Mitchell: Redistricting could be problem for rural areas

Published 9:56 pm Thursday, October 14, 2010

State Sen. “Walking” Wendell Mitchell, D-Luverne, called for a voice in rural Alabama and addressed rising political tensions within the Senate at a luncheon for the Exchange Club on Thursday.

About 25 people attended and munched on cornbread and greens as Mitchell explained how the redesigning of districts, and the loss of “rural-oriented” senators, could leave farming communities in the lurch.

Every 10 years, the Legislature redesigns the boundaries of Alabama’s 35 districts based on city and town populations. If Mitchell’s district, which includes parts of six counties, is reformed to give greater attention to suburban areas such as Prattville, rural families may lose their political voices.

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“We need to protect our area,” Mitchell said in his speech after a prayer and the pledge of allegiance. “It’s so important that someone be in that seat who looks after the rural areas.”

Mitchell also said that this year left Alabama with a tight budget, after the “windfall” federal government stimulus ran out.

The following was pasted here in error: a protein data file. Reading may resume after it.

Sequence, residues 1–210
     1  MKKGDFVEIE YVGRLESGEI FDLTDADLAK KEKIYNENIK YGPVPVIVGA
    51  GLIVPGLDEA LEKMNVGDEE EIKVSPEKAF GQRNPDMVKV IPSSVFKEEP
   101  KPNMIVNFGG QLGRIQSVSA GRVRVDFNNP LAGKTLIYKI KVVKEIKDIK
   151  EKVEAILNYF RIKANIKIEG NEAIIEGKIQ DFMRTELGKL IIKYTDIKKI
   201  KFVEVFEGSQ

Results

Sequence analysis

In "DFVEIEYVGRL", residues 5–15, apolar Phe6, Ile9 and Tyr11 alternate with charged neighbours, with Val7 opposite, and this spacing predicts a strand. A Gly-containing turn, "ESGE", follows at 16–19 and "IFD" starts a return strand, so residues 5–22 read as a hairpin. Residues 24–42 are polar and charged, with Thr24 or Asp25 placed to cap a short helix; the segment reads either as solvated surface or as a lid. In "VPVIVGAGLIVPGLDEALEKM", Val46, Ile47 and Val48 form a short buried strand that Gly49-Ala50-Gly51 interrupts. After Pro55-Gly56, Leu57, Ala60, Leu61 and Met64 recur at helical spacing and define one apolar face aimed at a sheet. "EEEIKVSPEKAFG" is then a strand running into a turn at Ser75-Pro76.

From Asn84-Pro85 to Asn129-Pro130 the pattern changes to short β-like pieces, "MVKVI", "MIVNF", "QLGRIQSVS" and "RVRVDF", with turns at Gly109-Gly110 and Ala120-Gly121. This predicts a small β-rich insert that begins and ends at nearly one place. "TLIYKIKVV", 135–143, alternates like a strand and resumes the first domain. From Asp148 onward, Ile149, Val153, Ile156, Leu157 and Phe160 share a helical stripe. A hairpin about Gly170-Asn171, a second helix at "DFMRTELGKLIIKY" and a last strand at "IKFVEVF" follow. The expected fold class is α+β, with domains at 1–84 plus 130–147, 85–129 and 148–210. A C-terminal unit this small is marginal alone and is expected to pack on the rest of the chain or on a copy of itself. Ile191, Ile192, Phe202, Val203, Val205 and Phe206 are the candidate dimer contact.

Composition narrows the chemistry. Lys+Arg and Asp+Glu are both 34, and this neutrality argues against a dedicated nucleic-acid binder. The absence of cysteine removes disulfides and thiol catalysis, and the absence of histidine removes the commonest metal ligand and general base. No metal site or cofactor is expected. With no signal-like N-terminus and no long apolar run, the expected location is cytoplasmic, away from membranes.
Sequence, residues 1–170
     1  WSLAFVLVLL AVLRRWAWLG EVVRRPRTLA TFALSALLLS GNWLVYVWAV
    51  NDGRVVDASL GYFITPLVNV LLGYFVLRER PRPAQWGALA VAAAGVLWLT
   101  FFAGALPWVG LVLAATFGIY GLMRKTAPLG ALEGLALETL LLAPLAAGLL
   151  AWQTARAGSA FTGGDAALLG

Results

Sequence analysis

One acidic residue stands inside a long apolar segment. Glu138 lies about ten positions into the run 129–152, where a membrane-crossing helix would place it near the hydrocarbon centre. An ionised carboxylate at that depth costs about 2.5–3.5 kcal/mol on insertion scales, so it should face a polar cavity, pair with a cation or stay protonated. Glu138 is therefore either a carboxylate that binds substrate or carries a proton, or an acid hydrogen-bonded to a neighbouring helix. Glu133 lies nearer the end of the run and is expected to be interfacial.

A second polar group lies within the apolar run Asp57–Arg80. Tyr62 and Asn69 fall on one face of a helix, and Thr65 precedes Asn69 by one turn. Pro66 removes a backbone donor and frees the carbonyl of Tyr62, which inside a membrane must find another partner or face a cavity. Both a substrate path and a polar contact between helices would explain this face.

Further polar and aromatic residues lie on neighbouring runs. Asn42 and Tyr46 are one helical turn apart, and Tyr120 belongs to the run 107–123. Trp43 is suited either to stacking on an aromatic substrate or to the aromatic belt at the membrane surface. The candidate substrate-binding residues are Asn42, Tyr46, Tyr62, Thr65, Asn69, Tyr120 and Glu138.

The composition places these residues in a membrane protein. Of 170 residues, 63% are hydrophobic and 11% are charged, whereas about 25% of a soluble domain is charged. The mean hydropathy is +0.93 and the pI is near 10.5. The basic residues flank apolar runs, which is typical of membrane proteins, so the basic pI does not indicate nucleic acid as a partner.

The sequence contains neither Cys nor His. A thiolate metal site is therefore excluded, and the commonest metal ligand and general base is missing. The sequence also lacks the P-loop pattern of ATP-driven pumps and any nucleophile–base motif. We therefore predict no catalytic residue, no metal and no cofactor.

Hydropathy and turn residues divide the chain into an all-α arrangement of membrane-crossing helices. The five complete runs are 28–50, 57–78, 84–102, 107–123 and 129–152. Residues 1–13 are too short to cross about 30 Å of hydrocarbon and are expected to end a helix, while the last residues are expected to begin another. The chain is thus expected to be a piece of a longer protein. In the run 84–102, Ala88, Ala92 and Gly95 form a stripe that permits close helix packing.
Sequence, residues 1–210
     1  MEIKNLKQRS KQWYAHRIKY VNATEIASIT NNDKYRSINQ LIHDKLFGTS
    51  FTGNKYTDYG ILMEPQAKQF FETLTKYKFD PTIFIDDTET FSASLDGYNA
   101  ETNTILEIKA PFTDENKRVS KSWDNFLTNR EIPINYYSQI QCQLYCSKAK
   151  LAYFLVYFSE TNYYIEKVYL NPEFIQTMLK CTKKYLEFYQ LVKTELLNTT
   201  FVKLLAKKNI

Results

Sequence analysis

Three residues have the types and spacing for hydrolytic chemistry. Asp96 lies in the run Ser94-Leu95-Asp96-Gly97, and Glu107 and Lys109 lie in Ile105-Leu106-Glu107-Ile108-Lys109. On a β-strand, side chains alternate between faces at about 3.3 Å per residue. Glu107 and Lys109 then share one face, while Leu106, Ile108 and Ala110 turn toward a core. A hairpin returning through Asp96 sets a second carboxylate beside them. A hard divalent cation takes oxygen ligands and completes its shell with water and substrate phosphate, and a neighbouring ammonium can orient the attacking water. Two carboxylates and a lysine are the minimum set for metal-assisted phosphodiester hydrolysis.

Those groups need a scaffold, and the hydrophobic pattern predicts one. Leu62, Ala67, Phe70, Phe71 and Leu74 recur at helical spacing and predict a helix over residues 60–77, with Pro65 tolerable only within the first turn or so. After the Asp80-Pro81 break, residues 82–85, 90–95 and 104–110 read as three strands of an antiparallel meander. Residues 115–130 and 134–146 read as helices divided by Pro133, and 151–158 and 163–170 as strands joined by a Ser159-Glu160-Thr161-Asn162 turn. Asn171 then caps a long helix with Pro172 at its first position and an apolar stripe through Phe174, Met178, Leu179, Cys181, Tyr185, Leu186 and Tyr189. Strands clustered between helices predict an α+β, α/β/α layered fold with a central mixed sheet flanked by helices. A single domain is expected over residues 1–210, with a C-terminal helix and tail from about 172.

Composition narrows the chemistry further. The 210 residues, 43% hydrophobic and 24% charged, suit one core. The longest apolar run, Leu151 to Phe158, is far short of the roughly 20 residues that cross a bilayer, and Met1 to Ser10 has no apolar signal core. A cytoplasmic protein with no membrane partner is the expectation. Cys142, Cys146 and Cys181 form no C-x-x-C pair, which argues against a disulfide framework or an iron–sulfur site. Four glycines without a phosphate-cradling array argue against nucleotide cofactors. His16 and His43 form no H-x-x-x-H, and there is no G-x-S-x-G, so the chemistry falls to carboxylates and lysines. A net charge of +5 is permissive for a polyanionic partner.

“It’s going to be a very taxing, difficult situation,” he said.

Mitchell alluded to his upcoming election, and a sense of frustration he said he experienced throughout the population of Pike County. He added that he felt a growing sense of partisanship within the Senate, with senators “trying to expose other senators.”

“In all my years of public service, the environment is the most strange I’ve ever seen,” he said. “There’s a degree of hostility, folks, that I’ve never seen before.”

As Exchange Club President Vitaly Voloshin looked on with a smile, Mitchell said he held a lot of pride for Troy and its residents, in the area that he’s served for dozens of years.

“It has been a real privilege to represent Pike County all this time,” he said.

At the end of his talk, Mitchell fielded a question about the 65 percent pay raise the Legislature had voted for itself and Senate officials.

He said the raise, which he called an “expense account,” went to costs that the state did not cover, including some hotel stays, gas and postage stamps.

He did not say if all of the money from the raise went to extra expenses.

Mitchell also answered a question about three amendments in the Senate. He knew the details about just one of the amendments, a $1-billion road fund that would receive $100 million a year for 10 years and would be funded by a $3 billion trust.

Voloshin, who is a math professor at Troy University, said members of the Exchange Club invited Mitchell to speak at their weekly luncheon because they were interested to learn more about their community. He also said they wanted to maintain the apolitical atmosphere that is fundamental to the character of their club.

“The Exchange Club is not a political organization, but we care about what’s going on,” he said. He also said that the club would host a Republican official next week, but he didn’t know yet whom the club members would elect to invite.